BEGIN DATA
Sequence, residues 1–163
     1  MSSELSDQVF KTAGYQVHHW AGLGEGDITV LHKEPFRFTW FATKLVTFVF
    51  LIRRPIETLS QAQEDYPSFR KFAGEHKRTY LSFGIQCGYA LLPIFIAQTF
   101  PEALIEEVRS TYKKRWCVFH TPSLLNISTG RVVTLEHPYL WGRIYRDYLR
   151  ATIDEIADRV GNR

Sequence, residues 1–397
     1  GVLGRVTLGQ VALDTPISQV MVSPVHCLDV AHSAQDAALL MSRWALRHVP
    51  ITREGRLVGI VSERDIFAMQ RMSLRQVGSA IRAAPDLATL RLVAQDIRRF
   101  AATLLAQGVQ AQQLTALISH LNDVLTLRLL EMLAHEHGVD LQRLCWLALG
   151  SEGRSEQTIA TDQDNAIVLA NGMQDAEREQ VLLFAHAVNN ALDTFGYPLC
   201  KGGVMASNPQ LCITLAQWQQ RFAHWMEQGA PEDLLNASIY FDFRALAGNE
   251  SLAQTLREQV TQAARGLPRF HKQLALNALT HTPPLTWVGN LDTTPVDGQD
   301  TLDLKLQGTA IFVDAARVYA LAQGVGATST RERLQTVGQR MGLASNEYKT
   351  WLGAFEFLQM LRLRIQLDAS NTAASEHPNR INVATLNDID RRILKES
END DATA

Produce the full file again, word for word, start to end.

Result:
Sequence, residues 1–163
     1  MSSELSDQVF KTAGYQVHHW AGLGEGDITV LHKEPFRFTW FATKLVTFVF
    51  LIRRPIETLS QAQEDYPSFR KFAGEHKRTY LSFGIQCGYA LLPIFIAQTF
   101  PEALIEEVRS TYKKRWCVFH TPSLLNISTG RVVTLEHPYL WGRIYRDYLR
   151  ATIDEIADRV GNR

Sequence, residues 1–397
     1  GVLGRVTLGQ VALDTPISQV MVSPVHCLDV AHSAQDAALL MSRWALRHVP
    51  ITREGRLVGI VSERDIFAMQ RMSLRQVGSA IRAAPDLATL RLVAQDIRRF
   101  AATLLAQGVQ AQQLTALISH LNDVLTLRLL EMLAHEHGVD LQRLCWLALG
   151  SEGRSEQTIA TDQDNAIVLA NGMQDAEREQ VLLFAHAVNN ALDTFGYPLC
   201  KGGVMASNPQ LCITLAQWQQ RFAHWMEQGA PEDLLNASIY FDFRALAGNE
   251  SLAQTLREQV TQAARGLPRF HKQLALNALT HTPPLTWVGN LDTTPVDGQD
   301  TLDLKLQGTA IFVDAARVYA LAQGVGATST RERLQTVGQR MGLASNEYKT
   351  WLGAFEFLQM LRLRIQLDAS NTAASEHPNR INVATLNDID RRILKES